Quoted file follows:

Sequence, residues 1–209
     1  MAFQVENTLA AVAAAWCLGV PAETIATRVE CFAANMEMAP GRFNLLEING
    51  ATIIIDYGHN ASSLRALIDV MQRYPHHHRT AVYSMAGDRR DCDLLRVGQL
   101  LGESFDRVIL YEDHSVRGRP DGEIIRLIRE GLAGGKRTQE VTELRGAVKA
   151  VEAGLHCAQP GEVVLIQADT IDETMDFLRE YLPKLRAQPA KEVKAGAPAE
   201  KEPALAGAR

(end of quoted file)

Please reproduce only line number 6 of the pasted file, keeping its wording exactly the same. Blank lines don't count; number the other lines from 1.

   201  KEPALAGAR